Anthony Schmaltz Conrad was born on March 7, 1940, in Concord, N.H., the first child of Arthur Emil Conrad and Mary Elizabeth Parfitt. His father was a painter, whose portrait of Senator John C. Calhoun of South Carolina hangs in the United States Senate reception room. (Some sources indicate that the elder Mr. Conrad had changed his surname from Schmaltz during World War II.)
Mr. Conrad grew up in Baltimore and Northern Virginia. At Harvard he majored in mathematics and was exposed to the radical musical ideas of John Cage and Karlheinz Stockhausen, both of whom lectured in Cambridge, Mass.
After his graduation in 1962, Mr. Conrad briefly worked as a computer programmer and immersed himself in New York’s experimental music scene. As part of Mr. Young’s ensemble, he performed improvisational pieces that involved holding notes for hours at a time. Some audiences found the music maddening; others were exalted.
“It appeared as if Schoenberg had destroyed music,” Mr. Conrad said in an interview with The Guardian in March, referring to the revolutionary Austrian composer. “Then it appeared as if Cage had destroyed Schoenberg. Our project was to destroy Cage.”
Mr. Conrad considered “The Flicker,” accompanied by a soundtrack of “homemade electronic music,” to be an extension of ideas that he shared with Mr. Young. In a 1966 interview with the Village Voice critic Jonas Mekas, Mr. Conrad explained that he “was working within a form of light that is broken down not into areas or into colors but into frequencies.”
As austere as it was, “The Flicker” had the power to cause viewers to see color patterns and even induce hallucinations. Although there were some who did not consider “The Flicker” to be a film at all, it was shown at the 1966 New York Film Festival. A photograph of a festival audience watching the film shows most people shielding their eyes or plugging their ears and one spectator who seems transfixed.
In 1970, Anthology Film Archives, a center in New York for the preservation, study and exhibition of film and video, included “The Flicker” on its list of essential works of cinema art.
Mr. Conrad went on to make made several films with his first wife, Beverly Grant, an Off Off Broadway actress featured in several early Andy Warhol films. Mr. Conrad had met her on the set of Jack Smith’s unfinished film “Normal Love,” a homage, begun in 1963, to the movies of Mr. Smith’s childhood. (Mr. Conrad played a character identified as the Mummy; Ms. Grant appeared as the Cobra Woman.)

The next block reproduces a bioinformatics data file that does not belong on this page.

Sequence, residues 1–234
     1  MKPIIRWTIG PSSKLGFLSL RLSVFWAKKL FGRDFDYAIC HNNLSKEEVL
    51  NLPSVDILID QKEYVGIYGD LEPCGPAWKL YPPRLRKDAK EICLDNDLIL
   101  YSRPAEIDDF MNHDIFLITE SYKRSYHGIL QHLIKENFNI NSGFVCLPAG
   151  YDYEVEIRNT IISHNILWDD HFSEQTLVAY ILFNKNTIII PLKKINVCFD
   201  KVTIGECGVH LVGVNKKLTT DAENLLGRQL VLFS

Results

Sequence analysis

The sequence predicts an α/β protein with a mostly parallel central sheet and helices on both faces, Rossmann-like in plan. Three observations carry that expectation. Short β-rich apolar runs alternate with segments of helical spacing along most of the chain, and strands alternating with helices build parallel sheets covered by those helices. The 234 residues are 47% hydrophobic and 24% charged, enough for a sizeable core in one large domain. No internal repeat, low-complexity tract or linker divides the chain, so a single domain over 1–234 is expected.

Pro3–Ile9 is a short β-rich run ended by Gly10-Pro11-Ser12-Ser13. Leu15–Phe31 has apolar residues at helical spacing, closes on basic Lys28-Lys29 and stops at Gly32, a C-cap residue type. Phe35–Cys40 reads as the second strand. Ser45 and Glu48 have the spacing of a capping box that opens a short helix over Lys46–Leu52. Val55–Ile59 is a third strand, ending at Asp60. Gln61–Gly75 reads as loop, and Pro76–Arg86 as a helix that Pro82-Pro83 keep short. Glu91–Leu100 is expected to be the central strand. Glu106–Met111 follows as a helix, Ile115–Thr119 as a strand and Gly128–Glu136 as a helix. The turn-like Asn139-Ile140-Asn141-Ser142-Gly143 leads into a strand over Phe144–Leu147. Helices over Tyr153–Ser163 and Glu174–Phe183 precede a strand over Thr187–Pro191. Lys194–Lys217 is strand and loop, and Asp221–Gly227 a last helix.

Mr. Conrad’s films with her included “Coming Attractions,” described as “the past loves and experiences of an aging transsexual, Francis Francine.” It was shown at the Whitney Museum of American Art in January 1971. Writing in The New York Times, the critic Roger Greenspan described it as “very funny and very beautiful moment by moment, funky and grand, decadent and vital, demonstrating and justifying a prodigiously complicated technique.”
By then, Mr. Conrad was for the most part no longer playing music in public. But, while visiting West Germany with Ms. Grant in 1972, he made what proved to be a highly influential recording, “Outside the Dream Syndicate,” with the Krautrock band Faust.
He began teaching at the State University of New York at Buffalo after moving in 1976, joining a media studies faculty that included the avant-garde filmmakers Hollis Frampton and Paul Sharits. Mr. Conrad concentrated on video and video installations and also made movies in super-eight millimeter.
Mr. Conrad and Ms. Grant divorced in 1976, and she died in 1990. He is survived by his second wife, Paige Sarlin, a filmmaker and fellow faculty member at the university; his son, Theodore; and two grandchildren.
In the late 1980s, frustrated that Mr. Young had refused to release existing tape recordings of Dream Syndicate performances, Mr. Conrad began recreating some and recording them. He released them on CD, along with vintage tape recordings of Jack Smith and others, in the late 1990s.
According to Mr. Joseph, the author, interest in “Outside the Dream Syndicate,” reissued on CD, surged “after the commercial success, overexposure and rapid dilution of grunge rock sent an entire generation of musicians and listeners seeking ‘new blood.’”
Mr. Conrad also achieved a new visibility in the art world, collaborating with younger artists like Mike Kelley and Tony Oursler.
“Tony Conrad has slowly been emerging from avant-gardist obscurity over the past few years, and about time,” the critic Holland Cotter wrote in The Times on the occasion of Mr. Conrad’s solo show at the 80WSE Gallery in 2012. “His multifold career — as experimental film- and video-maker, composer, musician and sound artist — still looks radical and prescient a half-century after it began.”
His last show, titled “Undone,” was at the Greene Naftali gallery this year.
Adopted as an ancestor by both experimental musicians and alt-rockers, Mr. Conrad had been scheduled to appear with Faust at the Big Ears music festival this month in Knoxville, Tenn.
“You don’t know who I am,” Mr. Conrad told The Guardian in what may have been his last interview, “but somehow, indirectly, you’ve been affected by things I did.”